A country that works for all children

In my spare time, when I’m not doing the occasional bit of gardening, restoring a semi-derelict cottage or catching up with the latest episode of The Archers, I’m sometimes lucky enough to find a quiet spot to read the news. Over recent months many media reports have highlighted the challenges and ressures facing a growing number of children and their families today.

Most recently I have read reports of how government welfare reforms such as Universal Credit, which brings together a number of benefits into one single payment, are impacting negatively (albeit unintentionally) on some of the most economically fragile households. Some people are having to wait several weeks to receive their benefits which means that many children and families are being left destitute struggling to afford even the basics during this time, causing them unnecessary anxiety and uncertainty. In addition to this we know that four million children in this country are living in relative poverty, of which two thirds are from working households. The Institute of Fiscal Studies estimates that this figure will rise to five million over the next few years. These figures are staggering and raise questions for central government, not least why England is the only country in the UK without a child poverty reduction strategy, and how other government reforms are impacting on children and their families. Just last week ADCS published, ‘A country that works for all children’, exploring the impact of different initiatives and policies on children’s lives and outcomes, touching on child poverty, welfare reforms, the impact of austerity across the breadth of children’s services, including schools, and early help.

We hear more and more of parents struggling to feed their children, pay their rent and heat their homes, all things many of us take for granted. More families are relying on foodbanks and schools are running breakfast clubs, providing clothes and even sanitary towels to ensure that their pupils don’t go without. At the same time local authorities have had to scale back and, in some cases, close vital early help and preventative services such as children’s centres and youth services due to reducing council budgets and rising demand for our services. Now, when you consider all of these things together, on top of the rise of poor quality, unstable employment options, a stagnating economy and a housing crisis it is clear that this is not a country that is working for all of its children (or their families).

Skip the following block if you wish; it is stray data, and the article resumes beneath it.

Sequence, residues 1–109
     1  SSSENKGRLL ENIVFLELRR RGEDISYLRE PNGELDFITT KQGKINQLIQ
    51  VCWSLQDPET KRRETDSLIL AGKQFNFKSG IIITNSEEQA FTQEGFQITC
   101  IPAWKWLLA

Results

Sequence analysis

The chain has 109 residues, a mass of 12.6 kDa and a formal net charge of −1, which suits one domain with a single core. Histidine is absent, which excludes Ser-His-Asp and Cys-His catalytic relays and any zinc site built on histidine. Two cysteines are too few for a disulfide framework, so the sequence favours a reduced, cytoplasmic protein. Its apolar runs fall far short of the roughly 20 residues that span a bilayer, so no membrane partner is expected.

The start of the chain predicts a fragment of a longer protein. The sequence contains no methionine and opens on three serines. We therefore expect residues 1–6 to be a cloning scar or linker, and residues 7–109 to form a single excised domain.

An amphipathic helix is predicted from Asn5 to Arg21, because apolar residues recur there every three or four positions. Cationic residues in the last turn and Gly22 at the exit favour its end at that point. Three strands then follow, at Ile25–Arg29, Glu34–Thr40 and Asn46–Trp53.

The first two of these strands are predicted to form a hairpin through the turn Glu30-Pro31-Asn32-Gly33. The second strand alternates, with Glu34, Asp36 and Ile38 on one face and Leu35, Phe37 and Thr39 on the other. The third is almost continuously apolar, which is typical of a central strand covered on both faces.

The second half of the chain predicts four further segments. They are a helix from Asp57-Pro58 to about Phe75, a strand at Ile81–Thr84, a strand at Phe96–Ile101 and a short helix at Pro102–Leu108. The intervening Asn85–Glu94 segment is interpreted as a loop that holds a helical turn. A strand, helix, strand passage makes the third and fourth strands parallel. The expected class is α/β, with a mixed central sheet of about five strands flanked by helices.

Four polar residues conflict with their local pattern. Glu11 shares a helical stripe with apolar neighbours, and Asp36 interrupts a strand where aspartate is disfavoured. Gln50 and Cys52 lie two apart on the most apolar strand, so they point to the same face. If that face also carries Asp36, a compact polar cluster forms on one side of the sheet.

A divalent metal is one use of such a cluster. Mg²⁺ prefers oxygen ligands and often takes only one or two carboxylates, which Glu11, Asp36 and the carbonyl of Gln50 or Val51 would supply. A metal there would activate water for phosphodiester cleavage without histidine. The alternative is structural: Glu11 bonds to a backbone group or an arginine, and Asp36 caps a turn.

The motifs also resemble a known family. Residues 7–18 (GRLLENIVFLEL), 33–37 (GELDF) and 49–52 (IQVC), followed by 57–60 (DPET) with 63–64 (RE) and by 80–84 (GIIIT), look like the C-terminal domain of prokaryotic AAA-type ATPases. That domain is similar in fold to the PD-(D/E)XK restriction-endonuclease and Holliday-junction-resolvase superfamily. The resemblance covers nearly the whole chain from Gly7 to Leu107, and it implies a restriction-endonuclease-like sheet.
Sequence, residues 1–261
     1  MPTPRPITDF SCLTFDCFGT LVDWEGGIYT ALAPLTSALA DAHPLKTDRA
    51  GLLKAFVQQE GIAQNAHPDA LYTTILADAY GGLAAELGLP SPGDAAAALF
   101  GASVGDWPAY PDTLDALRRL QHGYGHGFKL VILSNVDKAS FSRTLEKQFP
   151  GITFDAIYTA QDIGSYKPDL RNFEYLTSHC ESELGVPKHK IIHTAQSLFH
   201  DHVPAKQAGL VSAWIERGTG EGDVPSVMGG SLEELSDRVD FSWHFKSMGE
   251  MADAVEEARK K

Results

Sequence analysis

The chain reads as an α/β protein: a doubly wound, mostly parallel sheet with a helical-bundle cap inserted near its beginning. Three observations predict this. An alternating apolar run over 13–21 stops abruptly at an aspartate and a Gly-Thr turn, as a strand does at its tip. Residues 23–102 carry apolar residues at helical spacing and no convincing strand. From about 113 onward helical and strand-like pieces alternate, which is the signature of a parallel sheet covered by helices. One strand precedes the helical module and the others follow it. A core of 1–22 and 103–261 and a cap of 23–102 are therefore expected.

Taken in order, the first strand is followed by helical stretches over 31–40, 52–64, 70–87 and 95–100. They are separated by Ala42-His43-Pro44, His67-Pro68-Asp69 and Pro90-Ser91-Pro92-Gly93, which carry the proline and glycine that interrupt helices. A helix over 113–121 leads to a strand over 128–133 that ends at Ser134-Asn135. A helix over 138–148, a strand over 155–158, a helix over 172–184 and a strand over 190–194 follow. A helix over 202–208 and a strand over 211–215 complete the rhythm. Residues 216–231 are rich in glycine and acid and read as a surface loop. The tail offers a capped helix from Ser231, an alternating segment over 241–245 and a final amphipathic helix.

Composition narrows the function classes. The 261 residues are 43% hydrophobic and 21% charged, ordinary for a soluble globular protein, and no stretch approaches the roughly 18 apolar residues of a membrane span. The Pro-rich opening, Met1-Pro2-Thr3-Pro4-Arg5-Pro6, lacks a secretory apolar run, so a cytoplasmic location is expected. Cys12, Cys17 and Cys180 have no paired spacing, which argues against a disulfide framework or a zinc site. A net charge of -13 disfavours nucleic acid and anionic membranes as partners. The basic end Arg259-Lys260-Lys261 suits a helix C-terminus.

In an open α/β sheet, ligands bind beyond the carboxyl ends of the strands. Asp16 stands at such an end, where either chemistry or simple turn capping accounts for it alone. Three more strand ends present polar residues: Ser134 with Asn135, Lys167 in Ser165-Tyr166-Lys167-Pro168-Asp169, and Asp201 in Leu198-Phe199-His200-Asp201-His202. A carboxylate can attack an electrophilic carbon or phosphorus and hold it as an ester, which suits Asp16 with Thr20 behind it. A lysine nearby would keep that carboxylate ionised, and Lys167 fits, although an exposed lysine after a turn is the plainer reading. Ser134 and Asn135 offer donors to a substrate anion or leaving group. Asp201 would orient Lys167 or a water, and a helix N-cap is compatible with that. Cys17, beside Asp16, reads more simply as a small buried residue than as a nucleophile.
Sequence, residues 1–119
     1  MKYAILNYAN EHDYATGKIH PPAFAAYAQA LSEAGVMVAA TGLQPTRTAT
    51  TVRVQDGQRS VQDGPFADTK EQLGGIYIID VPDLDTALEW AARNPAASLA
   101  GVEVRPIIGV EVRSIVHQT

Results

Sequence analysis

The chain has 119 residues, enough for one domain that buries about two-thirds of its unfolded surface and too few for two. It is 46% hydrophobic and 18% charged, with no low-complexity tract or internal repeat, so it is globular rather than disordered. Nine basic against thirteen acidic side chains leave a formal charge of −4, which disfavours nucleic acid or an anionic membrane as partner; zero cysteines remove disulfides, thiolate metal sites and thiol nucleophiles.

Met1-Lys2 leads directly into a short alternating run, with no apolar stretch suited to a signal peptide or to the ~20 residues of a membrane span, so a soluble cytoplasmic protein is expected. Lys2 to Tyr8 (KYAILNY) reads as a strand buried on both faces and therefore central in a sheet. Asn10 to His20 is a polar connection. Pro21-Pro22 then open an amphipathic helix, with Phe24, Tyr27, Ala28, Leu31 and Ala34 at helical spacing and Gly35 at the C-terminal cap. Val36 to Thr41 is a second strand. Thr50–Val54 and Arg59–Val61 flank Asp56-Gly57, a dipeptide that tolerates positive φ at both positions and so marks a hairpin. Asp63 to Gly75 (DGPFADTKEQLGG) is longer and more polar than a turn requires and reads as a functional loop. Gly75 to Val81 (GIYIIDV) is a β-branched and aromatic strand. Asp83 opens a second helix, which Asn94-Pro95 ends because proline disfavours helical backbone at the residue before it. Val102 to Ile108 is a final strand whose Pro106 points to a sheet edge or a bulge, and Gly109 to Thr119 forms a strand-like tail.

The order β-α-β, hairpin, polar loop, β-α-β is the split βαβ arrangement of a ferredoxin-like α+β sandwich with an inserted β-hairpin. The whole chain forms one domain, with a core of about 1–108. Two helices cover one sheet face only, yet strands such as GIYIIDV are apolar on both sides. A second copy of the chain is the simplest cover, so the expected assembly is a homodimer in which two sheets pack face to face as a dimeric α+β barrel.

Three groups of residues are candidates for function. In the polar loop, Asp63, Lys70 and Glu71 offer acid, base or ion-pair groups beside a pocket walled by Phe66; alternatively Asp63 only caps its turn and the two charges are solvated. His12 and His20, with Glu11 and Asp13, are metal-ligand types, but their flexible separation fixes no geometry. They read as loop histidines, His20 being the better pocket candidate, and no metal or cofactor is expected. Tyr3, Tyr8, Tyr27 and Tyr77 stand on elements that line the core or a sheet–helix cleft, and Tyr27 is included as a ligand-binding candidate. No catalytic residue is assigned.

But I don’t want to be all doom and gloom. As Rachel Dickenson, Chair of the ADCS Yorkshire and Humber region and DCS, Barnsley Metropolitan Borough said in her blog a few weeks ago we have seen the strength of our communities in coming together to support vulnerable people in their local area, through supporting local foodbanks, for example, this makes a real difference to the lives of our most vulnerable children and families. We have also seen the strength of local government shine through finding new or different ways of working. And this week the government has announced that people will no longer be charged for using the Universal Credit helpline, this is welcome and will go some way towards helping the most vulnerable in our communities, but fundamental questions around Universal Credit remain. Let’s not forget the tireless, ceaseless work of staff and the impact of carers up and down the country who are making a difference to the lives of many children and young people. Just yesterday I read an article in the Guardian by a care leaver talking about her experiences of the care system and how her foster parents gave her a happy home.

So, as I sit in a quiet corner catching up with the latest news, amidst all of the media reports one thing stands out for me – where parents are struggling to afford their rent or buy food for their family the country is not working for their children. Where foodbanks are running out of food because so many families are at crisis point – this country is not working for those families. Where schools are having to buy clothes and sanitary towels for their pupils – the country is not working for those pupils. Our policy paper, taken together with the LGA’s seven clear priorities for children’s social care, sets out a clear way forward to improve services and improve outcomes for our children and families. Government must heed these messages and the autumn Budget is the perfect opportunity to reaffirm a commitment to improving the lives of children, young people and their families.


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